In fact, this building, to a certain extent, was witness to the failure of both men’s big projects at the time. In order to continue running for governor in 1934, Sinclair was forced politically to unload the Beverly Hills home, but it was too late. His candidacy failed. Meanwhile, Eisenstein had been compelled to return to Moscow, leaving New York by ship on April 19, 1932, and arriving in the Soviet capital in May 1932, because Stalin was already beginning to move against the director by targeting his family. (The secret police had made several visits to Eisenstein’s mother, and had confiscated the family jewels.)
To make the whole story messier, a cache of beautiful drawings by Eisenstein, many erotic and homosexual in nature, had been confiscated by U.S. customs agents when Eisenstein was on the way out of the country. Again, according to Bergan’s book, Sinclair learned of this and acquired some copies. And then this fine man who so often tried to do the right thing, committed a fateful and heinous act. He denounced Eisenstein to the Soviet authorities, writing on March 19, 1032, “It appears that Eisenstein spends all his leisure time in making very elaborate obscene drawings. I have a specimen of his work brought from Mexico. It is identified as Eisenstein’s by his handwriting on it. Believe me, it is not an anatomy study nor a work of art or anything of that sort; it is plain smut. Hunter [Kimbrough, Sinclair’s brother-in-law] tells me that Eisenstein presented a series of such drawings to the young owner of the hacienda, and they were so bad that this educated young Mexican refused to put them up in his den.”
Perhaps angered by the photos, certainly unhappy about dumping a huge amount of money into the now-defunct Que Viva, Mexico! project, Sinclair tried to minimize losses by releasing his own film Thunder Over Mexico (1933) using a small amount of Eisenstein’s footage. This all made the once-friends and collaborators into enemies forever. The house at 614 North Arden Drive stands as a monument to their brief friendship and all the bright hopes they both harbored for future success.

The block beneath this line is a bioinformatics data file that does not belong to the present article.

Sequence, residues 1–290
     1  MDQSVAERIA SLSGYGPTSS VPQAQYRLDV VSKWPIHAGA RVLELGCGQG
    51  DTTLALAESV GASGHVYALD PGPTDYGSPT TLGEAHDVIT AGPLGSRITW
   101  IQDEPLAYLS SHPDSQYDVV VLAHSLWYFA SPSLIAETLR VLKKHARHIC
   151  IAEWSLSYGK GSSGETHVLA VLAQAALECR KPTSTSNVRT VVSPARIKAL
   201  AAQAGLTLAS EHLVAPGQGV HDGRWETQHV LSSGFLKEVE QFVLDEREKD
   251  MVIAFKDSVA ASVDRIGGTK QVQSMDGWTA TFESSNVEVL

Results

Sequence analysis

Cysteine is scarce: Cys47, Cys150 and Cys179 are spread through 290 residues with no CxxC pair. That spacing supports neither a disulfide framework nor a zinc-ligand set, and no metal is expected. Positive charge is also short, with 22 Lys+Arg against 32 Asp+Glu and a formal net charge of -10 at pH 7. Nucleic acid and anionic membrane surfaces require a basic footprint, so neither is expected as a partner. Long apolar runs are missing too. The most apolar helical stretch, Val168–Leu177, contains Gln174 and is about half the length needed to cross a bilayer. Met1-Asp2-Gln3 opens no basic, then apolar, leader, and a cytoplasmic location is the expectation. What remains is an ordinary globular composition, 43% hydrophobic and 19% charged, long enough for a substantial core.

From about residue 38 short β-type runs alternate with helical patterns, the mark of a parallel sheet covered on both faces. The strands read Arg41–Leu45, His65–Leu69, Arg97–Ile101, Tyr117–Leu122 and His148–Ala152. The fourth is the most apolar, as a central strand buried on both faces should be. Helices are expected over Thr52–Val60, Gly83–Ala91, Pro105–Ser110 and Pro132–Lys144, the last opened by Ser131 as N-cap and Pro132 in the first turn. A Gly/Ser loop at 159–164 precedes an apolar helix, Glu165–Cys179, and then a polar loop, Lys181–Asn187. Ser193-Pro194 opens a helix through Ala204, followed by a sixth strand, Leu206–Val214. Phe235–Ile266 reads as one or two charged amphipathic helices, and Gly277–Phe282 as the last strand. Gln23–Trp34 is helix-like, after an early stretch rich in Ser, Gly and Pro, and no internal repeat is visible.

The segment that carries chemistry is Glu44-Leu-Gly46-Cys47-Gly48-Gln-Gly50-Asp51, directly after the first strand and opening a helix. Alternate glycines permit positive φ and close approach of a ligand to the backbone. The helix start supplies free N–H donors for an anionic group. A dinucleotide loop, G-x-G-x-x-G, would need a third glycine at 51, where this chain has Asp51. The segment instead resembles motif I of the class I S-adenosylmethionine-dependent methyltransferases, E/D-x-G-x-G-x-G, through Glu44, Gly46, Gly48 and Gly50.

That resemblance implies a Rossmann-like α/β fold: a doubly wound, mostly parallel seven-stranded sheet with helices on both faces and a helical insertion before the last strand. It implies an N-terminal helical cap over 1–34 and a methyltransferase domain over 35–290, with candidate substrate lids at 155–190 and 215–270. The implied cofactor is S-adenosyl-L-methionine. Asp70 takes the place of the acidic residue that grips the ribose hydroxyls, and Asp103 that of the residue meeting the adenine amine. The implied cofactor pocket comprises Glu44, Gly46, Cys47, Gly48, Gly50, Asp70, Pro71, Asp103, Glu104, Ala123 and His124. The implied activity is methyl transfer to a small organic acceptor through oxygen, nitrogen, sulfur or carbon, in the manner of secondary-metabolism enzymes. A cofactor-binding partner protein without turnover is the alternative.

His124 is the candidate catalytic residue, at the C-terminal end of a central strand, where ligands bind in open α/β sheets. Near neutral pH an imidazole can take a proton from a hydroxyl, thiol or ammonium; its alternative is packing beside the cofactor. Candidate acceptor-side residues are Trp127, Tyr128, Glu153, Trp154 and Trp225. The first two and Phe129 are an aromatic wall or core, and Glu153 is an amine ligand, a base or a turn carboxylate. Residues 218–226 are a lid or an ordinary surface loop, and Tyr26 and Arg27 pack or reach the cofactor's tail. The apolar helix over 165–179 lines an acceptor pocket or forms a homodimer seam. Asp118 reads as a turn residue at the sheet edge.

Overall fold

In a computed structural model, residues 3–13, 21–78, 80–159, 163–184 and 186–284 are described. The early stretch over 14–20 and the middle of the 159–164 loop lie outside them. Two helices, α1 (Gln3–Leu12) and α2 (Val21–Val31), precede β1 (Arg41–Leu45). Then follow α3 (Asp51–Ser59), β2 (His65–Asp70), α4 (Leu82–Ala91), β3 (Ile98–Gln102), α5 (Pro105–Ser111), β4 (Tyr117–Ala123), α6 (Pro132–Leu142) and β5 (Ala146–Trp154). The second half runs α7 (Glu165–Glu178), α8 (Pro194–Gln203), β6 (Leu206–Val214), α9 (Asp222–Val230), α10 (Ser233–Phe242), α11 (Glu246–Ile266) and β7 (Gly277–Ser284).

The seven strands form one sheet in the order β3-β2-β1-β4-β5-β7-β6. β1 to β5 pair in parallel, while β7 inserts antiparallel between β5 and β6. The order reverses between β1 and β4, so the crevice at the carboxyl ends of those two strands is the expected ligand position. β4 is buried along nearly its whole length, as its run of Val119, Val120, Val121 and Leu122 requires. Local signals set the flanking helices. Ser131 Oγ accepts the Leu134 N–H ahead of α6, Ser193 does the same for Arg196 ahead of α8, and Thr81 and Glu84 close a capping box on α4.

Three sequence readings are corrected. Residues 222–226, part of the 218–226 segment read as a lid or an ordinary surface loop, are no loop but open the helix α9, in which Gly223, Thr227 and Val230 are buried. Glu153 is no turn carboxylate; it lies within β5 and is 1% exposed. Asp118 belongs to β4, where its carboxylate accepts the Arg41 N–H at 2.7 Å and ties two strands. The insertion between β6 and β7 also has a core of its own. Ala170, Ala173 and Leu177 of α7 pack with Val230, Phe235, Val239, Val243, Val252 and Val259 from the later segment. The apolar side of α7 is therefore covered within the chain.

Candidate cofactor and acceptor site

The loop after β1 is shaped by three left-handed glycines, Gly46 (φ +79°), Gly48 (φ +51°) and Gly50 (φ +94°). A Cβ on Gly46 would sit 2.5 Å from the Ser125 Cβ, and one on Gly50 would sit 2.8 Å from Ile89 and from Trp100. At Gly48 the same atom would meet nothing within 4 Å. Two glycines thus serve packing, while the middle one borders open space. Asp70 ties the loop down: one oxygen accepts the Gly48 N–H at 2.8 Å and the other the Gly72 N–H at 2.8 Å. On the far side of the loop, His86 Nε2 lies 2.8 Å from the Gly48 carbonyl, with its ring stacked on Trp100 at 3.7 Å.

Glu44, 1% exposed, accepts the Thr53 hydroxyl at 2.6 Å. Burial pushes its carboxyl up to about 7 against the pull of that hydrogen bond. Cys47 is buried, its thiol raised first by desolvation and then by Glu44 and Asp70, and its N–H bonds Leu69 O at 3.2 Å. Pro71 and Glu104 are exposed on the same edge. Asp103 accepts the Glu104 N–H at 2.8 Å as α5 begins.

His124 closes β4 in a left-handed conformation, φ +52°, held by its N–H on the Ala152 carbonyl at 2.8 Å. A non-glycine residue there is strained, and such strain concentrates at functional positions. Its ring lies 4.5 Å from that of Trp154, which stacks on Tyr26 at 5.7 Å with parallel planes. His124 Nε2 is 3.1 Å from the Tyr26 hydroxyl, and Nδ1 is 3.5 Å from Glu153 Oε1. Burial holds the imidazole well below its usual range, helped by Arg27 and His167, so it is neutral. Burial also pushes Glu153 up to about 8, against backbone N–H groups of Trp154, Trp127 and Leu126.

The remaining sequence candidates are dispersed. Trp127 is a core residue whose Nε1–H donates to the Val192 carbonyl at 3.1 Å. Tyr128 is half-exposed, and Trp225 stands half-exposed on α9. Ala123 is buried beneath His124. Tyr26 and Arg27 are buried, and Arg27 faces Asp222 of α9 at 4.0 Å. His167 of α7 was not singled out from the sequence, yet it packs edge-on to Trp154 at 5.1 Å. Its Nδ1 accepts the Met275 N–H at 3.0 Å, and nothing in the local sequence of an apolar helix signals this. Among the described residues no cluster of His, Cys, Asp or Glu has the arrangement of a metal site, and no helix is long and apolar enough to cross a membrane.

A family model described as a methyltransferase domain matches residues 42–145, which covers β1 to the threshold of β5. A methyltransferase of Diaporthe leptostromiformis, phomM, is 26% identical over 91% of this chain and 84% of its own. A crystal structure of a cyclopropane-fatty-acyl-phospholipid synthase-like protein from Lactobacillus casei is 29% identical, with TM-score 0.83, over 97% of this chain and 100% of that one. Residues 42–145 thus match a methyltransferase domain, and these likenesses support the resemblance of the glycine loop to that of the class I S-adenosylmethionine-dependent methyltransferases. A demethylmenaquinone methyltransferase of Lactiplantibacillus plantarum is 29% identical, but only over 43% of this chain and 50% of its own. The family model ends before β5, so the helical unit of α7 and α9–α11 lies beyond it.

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Lyubov Orlova plaque, Moscow

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Lyubov Orlova (1902-1975) was the Soviet cinema star.  Her name was synonymous with Soviet film comedies, musicals and whatever else comes in between. She was enigmatic, beautiful, controlled and, in her on-screen persona, kind, accessible, funny and bubbly, the veritable girl next door. She began her film career late, after having spent more than a decade as a chorus girl, a dancer, a singer and a piano player for silent movies in the cinema. She was 32 when she got her big break starring in the wildly popular Jolly Fellows, sometimes called A Jazz Comedy, because it was a comedy featuring the jazz music of Leonid Utyosov and his big band. Orlova’s second official husband was her first serious film director – Grigory Alexandrov, formerly the premier assistant of the great Sergei Eisenstein, but, afterwards, the top Russian director of film comedies. Together they made a string of hits from the ’30s through the 1940s – Jolly Fellows (1934), Circus (1936), Volga, Volga (1938), The Bright Way (1940), and Spring (1947), after which her career tapered off. Orlova made two films in the 1950s and one each in the 1960s and 1970s. For the record, Jolly Fellows was written expressly for Utyosov by screenwriters Nikolai Erdman and Vladimir Mass. It was a radical expansion of a musical theater piece called The Musical Store, which the duo wrote for the musician and actor in 1932. However, when Alexandrov took on the project of making the film, and when he was smitten by his leading lady, Orlova’s part in the film was raised to that of an equal with Utyosov’s. Indeed, they made, and still make, a marvelous pair. Jolly Fellows continues to run with frequency on Russian television in the second decade of the 21st century, as do most of the other Orlova films mentioned above.

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From 1966 until her death in 1975, Orlova lived in a prestigious new building on Tverskaya Ulitsa, just across from Pushkin Square. As can be seen in the photo immediately above, it is the building that has housed Moscow’s flagship MacDonald’s restaurant since the early 1990s. The address is Bolshaya Bronnaya 29. While living in this building, as well as for a decade or so before, Orlova officially was an actress of the Mossoviet Theater, located about a kilometer north of here, just off of Triumphal Square (about which I previously wrote a little). Orlova did not perform often in the theater, but her two shows at the Mossoviet, Jerome Kilty’s Dear Liar and John Patrick’s The Curious Savage, in the 1960s and 1970s respectively, were both extremely popular with audiences. Orlova’s aura as a star never waned even as she worked significantly less. I would go so far as to say that it has not waned even now, 40 years after her death.